What Is True Hymn Form?

I stumbled across this post today, rather by mistake in searching for something that the post happens to mention (The Look by Newton/Kauflin).

What I found interesting was that the author of the review appears to have decided on what a true hymn is.  It seems to be characterized by adjectives like stately, uncomplicated, pre-19th century).  While I can certainly agree that a lot of contemporary music is difficult to sing and is rather complex and really shouldn’t be used in a congregational setting, perhaps, I find it odd to assume that the 20th century person cannot advance past 19th century hymn melody.  Using perhaps the same sort of argument, I might simply refer to 19th century music as boring, overly simplistic, and inexpressive.  Apart from anything else, it’s my opinion about what I like to be a hymn vs. what he likes to be a hymn.

Another interesting part is that, according to him, The Look has a melody that is very solo-ish and borders on becoming a “song” and not a “hymn” (interesting distinction, I might add).  I found that the melody to The Look is actually quite simple.  The chorus has a bit of syncopation, but not much.  I have absolutely no problem, nor anyone else I know, remembering the tune and being able to hum or sing it.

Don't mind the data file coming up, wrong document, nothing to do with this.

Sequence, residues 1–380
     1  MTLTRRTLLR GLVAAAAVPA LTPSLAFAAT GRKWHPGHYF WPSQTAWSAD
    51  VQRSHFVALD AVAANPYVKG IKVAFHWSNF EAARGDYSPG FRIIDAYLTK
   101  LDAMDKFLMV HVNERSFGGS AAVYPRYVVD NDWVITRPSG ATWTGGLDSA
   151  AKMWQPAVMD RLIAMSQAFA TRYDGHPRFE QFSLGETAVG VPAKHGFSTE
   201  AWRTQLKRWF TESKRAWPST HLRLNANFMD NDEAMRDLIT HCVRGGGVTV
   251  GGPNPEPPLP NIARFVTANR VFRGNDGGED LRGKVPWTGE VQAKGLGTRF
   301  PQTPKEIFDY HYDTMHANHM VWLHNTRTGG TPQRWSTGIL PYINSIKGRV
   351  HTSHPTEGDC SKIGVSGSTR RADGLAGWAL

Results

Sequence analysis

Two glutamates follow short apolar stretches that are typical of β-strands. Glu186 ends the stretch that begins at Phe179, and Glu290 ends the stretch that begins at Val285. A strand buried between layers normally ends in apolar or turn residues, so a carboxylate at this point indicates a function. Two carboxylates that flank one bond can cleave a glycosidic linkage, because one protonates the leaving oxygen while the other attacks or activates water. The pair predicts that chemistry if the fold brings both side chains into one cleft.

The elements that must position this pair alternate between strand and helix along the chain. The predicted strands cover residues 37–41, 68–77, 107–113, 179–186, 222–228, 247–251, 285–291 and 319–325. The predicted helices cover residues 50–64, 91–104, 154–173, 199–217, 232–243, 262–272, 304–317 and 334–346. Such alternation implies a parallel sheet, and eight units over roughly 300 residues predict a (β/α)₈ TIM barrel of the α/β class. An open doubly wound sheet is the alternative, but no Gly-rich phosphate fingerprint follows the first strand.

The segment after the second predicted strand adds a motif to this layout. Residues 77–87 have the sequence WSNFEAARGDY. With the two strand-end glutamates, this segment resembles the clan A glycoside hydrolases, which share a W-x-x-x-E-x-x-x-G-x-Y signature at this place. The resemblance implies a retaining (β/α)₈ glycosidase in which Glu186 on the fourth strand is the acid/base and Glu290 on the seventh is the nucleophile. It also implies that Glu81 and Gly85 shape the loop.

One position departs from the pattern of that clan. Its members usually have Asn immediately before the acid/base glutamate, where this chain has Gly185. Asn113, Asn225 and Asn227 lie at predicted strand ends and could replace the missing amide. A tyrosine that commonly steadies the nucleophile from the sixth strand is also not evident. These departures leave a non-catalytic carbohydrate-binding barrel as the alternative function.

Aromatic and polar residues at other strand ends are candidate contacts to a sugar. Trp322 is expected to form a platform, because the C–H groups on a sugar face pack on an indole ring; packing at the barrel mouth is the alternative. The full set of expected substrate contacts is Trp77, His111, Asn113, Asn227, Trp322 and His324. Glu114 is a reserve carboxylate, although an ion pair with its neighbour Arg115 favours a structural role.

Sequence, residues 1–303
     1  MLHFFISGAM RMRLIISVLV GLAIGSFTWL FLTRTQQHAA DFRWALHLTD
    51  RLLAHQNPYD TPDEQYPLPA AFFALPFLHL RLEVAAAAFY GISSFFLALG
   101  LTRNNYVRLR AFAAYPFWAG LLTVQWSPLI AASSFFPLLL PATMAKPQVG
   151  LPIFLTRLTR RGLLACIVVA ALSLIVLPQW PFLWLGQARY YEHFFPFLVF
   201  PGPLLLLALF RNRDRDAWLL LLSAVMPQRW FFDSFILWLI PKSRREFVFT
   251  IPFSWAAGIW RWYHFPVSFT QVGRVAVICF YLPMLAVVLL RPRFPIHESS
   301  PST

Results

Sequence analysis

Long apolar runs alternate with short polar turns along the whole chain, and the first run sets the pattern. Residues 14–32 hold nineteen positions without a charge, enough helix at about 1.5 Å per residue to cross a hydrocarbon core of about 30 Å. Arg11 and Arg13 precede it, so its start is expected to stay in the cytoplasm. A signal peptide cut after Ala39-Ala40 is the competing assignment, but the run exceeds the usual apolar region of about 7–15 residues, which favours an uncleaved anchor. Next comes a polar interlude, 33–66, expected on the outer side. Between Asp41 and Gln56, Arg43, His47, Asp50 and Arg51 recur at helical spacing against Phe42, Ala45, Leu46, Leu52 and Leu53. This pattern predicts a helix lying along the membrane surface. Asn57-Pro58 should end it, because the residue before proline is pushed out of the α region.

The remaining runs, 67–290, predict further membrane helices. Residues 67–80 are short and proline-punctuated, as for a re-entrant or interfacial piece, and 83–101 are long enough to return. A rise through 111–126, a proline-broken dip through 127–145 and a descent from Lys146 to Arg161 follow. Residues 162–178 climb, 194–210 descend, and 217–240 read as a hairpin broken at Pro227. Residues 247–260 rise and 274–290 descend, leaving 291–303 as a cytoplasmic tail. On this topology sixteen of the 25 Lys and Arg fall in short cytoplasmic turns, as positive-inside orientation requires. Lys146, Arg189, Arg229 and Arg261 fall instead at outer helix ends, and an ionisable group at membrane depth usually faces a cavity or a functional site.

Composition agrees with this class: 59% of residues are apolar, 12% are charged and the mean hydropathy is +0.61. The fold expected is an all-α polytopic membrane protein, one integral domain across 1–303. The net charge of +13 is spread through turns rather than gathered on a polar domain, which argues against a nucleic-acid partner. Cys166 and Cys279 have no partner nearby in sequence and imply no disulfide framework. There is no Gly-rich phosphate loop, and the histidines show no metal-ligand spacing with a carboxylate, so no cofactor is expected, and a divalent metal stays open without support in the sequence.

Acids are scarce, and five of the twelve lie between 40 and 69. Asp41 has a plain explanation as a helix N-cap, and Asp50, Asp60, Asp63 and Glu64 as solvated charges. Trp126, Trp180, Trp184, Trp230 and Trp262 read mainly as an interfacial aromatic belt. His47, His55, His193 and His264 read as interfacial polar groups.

Also, it appears that the author would prefer to preserve the original words as much as possible.  While I do understand this and realize people may have different opinions of lyric changing… it seems hard to lump this into a merit/value judgment of the song.  Perhaps you think it’s not fair to the author of the original, that’s fine.  I personally think that, were I able to talk to Newton, he would rather have me change lyrics to make it more understandable to today’s context than simply not use his words.  Of course, it gets a bit iffier when the poem may not have actually been meant as a hymn, which I don’t think it was … but, either way, it seems that Newton would be glad that something he wrote would be used to worship God rather than be picky about it and say “well, if you can’t keep the same words I wrote, then I don’t want you to use it.”  :)  I might be stepping on some toes, especially of songwriters 😉 but assuming we’re all writing for the same aim – to worship and glorify God and encourage others – then it’s hard for me to get too picky about rights and all that.  (that said, I do my best to follow the laws for that, in case you were wondering!)